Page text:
Editor’s note: This is the second installment of a four-part series on how companies can use electronic record keeping to enhance food safety efforts. The series is sponsored by PAR Technologies.  

“Today’s food supply chains have an inherent weakness: individual parties are using disparate digital systems, different technologies, and paper-based processes to bridge the gaps,” says Premal Bhatt, QA and Food Safety SME. For the last 15 years, Bhatt has worked to establish global food safety and quality standards. 

The food industry’s tendency to operate in silos instead of a “single end-to-end view of the food delivery prevail” has created costly delays in handling food safety issues, explains Bhatt. However, there is a promising remedy made available with digital record keeping: Blockchain.  

“Blockchain is a digital computer networking technology that creates a complete, immutable record of transactions that have been made, and shares it in real time among all participants in a network,” he says. “It provides impressive advantages such as transparency, immutability, traceability, better management of product shelf-life, and rapid determination of the cause of a foodborne illness outbreak or food fraud.” 

Th recent foodborne illness outbreak caused by romaine lettuce being contaminated with E. coli 0157:H7 greatly magnified traceability issues within the current fragmented food safety record keeping systems, says Bhatt. 

In a piece by Steve Suppan, senior policy analyst at the Institute for Agriculture & Trade Policy, he explained the experiment conducted by Walmart and IBM to trace a package of sliced mangoes to their source. While Walmart’s traditional trackback time took almost seven days (six days, 18 hours and 26 minutes), the digital program was able to whittle it down to 2.2 seconds. 

“The Blockchain-connected sensors can locate and communicate the source of contaminated produce far more quickly than traditional traceback communication, and well within the 21 days of the harvest to wholesale processing to retail to consumption cycle,” explains Suppan. “Reducing the time for identification of the source of food borne illness will not only protect more consumers, but increase the brand value and reduce the reputation risk that comes with being identified after the fact of contamination as a site of foodborne illness.”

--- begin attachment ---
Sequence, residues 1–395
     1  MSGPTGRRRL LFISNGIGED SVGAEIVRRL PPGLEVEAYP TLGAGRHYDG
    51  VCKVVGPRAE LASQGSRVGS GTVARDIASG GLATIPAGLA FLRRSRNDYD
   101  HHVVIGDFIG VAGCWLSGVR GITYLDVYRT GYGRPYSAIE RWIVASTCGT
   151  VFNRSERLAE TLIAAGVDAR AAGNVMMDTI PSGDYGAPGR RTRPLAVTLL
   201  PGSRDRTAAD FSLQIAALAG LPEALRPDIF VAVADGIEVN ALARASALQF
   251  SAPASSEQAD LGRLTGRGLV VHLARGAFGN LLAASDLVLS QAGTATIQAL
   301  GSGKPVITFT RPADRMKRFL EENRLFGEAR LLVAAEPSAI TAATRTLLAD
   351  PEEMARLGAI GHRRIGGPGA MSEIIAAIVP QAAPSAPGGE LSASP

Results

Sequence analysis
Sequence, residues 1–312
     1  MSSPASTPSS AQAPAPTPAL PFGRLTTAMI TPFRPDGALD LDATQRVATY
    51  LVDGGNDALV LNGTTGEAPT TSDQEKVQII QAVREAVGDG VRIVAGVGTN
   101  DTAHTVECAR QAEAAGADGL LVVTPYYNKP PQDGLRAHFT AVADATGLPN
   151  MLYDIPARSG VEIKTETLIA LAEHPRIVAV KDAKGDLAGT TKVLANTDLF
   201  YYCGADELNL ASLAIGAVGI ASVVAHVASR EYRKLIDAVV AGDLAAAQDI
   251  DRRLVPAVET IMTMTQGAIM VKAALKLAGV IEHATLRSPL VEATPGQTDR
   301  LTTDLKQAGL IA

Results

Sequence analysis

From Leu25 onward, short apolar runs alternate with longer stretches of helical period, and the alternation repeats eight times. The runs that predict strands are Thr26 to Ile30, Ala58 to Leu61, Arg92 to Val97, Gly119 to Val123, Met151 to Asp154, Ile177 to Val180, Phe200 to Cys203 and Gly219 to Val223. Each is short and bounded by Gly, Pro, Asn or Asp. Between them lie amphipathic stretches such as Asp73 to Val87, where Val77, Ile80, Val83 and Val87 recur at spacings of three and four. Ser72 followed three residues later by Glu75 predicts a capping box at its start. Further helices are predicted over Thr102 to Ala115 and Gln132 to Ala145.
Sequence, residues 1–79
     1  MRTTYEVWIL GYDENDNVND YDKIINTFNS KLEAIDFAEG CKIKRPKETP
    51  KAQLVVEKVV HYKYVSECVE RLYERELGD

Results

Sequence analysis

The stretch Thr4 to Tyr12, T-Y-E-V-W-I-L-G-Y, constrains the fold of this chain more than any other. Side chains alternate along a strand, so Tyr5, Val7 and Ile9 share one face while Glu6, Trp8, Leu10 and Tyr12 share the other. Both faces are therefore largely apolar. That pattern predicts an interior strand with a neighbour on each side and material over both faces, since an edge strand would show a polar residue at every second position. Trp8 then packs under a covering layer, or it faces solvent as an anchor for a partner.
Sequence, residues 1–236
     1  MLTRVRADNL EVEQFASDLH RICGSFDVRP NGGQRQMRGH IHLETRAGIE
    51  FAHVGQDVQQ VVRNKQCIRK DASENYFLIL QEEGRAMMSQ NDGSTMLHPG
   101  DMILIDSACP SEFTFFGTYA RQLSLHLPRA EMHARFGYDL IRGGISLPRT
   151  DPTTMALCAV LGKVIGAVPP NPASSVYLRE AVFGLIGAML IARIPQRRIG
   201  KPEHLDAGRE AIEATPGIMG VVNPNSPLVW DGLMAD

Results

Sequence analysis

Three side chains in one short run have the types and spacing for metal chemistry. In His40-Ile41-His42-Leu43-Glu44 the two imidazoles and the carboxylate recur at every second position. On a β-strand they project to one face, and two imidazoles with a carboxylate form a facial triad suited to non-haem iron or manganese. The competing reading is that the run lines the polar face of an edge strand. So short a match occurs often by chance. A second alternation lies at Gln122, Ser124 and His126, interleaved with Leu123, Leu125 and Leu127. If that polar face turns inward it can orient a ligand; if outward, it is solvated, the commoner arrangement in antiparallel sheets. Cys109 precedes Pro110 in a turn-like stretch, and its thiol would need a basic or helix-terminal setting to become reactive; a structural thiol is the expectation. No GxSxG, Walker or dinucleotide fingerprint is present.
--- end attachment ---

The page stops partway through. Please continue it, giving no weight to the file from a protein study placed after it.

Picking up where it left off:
Real-time data has multiple benefits
Along with improved traceability, digital records bring various business advantages. Greg Sommerville, founder of Global Supplier Verification, says real-time data that is assessable anytime, anywhere is one of the biggest benefits. 

“Technology is going mobile so records and production can be monitored remotely. Employees can log in from anywhere and see what is happening at that time. Storing items in the cloud with a strong security brief is key in ensuring everyone the companies that wants to have access does,” says Sommerville. “Cloud storage allows a digitally connected supply chain where partners within the supply chain have access to relevant records for themselves, verifying practices and ensuring requirements are met.” 

According to Sommerville, digital technology is also beneficial in keeping in compliance with food safety plans through automated sampling to ensure correct samples are taken off the line at the right time and right amount. 

“Sensors in equipment are being used as early warning indicators for machinery or to keep critical limits in place,” he explains. “The sensors can record on a continual basis with notifications to responsible persons if the system starts to fail.”

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